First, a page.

Wednesday, November 5, 2008

Taco Bell Effect

Lenina Huxley: Taco Bell was the only restaurant to survive the Franchise Wars.
John Spartan: So?
Lenina Huxley: So, now all restaurants are Taco Bell.
--Demolition Man

There's talk on the message boards about the impending demise of role-playing games associated with the bad economy. This comes from game store owners who have a hard time competing against the likes of Amazon, especially in a recession. I had a guy pull up the Amazon prices for D&D on his iPhone this week, as if I was delusional and didn't know about this great online invention from 1996. Ironically, I don't think it's the Amazons that are killing off our sales, it's the publishers themselves.

Those publishers with the strongest web sales presence make the books that many of us are dropping. They are bypassing the middle man, aka retailers, in hopes of gaining additional profit as well as solving the problem of the dwindling numbers of game stores. I can lose half my D&D sales to Amazon and still happily sell the game, but if I lose half my White Wolf or GURPS customers, it may drop my sales below a sustainable threshhold. I'll buy anything if I can guarantee one sale; GURPS and several White Wolf systems are now below that threshhold, so they won't get ordered any longer. Some publishers sell direct out of desperation, so perhaps it's not surprising that their books aren't doing well. As a retailer, however, I take this personally and it gives me additional incentive to drop them. To give you another useless sci fi quote: "'Bout 50% of the human race is middlemen, and they don't take kindly to being eliminated."

It might be unfair to revisit RPG market share in a new D&D version year, but what I'm finding is an increasing percentage of RPG sales going to Dungeons & Dragons. I've visited this topic before, and I've explained the long tail and the advantages and disadvantages of this kind of consolidation, but I think we'll be seeing more publishers fall by the wayside in this economy and more market share owned by D&D. What I see in each major, established game department is the leader taking about 50% of market share, with the rest divided among everyone else. Magic: The Gathering does this, as does Warhammer 40K. D&D did this until the last year. This year, sales for other systems began evaporating and 4E brought a lot of people on board, including a lot of dirty hippy gamers (DHG's). The restrictive D&D license should see some consolidation of D&D purchases towards WOTC as well, but that's an entirely different argument.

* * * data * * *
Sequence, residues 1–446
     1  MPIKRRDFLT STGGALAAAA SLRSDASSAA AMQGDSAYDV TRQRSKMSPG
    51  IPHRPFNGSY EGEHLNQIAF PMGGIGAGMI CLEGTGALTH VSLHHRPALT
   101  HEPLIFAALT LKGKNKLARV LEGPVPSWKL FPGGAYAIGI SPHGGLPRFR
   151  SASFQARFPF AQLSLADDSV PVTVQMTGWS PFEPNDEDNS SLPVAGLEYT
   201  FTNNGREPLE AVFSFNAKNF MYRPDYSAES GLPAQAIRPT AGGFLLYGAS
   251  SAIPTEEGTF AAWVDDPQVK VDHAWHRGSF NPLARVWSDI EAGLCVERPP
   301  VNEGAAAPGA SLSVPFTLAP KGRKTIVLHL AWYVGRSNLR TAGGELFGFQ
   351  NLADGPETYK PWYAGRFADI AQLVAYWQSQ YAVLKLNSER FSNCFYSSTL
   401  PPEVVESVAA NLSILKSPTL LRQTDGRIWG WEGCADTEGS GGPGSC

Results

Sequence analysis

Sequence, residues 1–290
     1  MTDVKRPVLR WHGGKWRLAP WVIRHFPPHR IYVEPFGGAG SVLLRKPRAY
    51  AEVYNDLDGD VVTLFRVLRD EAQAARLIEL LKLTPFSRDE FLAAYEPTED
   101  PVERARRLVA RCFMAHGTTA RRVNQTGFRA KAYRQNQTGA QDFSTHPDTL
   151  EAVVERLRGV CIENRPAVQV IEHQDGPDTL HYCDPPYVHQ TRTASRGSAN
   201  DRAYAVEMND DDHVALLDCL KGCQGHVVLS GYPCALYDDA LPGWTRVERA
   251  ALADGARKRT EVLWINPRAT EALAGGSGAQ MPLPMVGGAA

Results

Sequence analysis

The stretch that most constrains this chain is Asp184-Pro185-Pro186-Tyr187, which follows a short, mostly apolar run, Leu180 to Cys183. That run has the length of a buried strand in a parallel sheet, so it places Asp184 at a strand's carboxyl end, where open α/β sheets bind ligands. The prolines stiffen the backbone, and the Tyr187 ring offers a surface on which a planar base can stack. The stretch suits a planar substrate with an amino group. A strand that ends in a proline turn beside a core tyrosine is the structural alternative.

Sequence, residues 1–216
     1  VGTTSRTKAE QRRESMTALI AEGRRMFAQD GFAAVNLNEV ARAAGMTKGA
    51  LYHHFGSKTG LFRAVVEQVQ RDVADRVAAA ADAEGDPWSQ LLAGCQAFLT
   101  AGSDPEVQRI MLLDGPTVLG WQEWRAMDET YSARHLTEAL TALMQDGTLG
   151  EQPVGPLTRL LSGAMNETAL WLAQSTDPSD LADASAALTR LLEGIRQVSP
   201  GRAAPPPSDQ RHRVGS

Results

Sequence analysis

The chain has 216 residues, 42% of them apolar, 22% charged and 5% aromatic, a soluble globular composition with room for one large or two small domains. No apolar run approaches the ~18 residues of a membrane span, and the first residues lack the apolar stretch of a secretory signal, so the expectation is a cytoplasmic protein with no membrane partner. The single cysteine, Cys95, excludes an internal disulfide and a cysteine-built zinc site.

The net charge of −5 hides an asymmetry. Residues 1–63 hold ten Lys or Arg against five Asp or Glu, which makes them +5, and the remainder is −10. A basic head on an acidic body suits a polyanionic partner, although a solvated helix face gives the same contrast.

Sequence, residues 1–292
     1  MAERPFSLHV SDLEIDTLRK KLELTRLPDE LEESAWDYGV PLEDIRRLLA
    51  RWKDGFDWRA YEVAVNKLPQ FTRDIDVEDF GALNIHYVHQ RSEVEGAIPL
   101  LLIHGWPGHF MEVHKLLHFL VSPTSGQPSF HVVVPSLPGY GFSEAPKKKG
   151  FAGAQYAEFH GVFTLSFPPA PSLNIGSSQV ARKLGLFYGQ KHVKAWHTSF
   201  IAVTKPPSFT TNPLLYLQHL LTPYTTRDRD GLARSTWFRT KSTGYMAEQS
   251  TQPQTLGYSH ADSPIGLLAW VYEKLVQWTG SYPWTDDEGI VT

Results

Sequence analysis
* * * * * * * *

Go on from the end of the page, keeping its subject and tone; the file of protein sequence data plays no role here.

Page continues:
The Election: Like the stock market, I'm glad that to have one less unknown variable floating around out there, despite evidence that things are definitely not good.


  1. Because the small company's products really need to be seen and touched by potential buyers before they purchase, they are consigning themselves to an ever smaller market by leaving the retail scene.

  2. And here I thought you'd be writing about how Taco Bell leaves you bloated and gassy... but you probably have more sense than to eat there!

  3. Taco Bell is one of my favorite fast food places. Bean burritos with sour cream. Yum.

  4. I made the blog! Sorry I didn't buy anything.

    -Guy with Amazon on iPhone

  5. You caught me on a particularly stressful day. Sorry if I was short with you.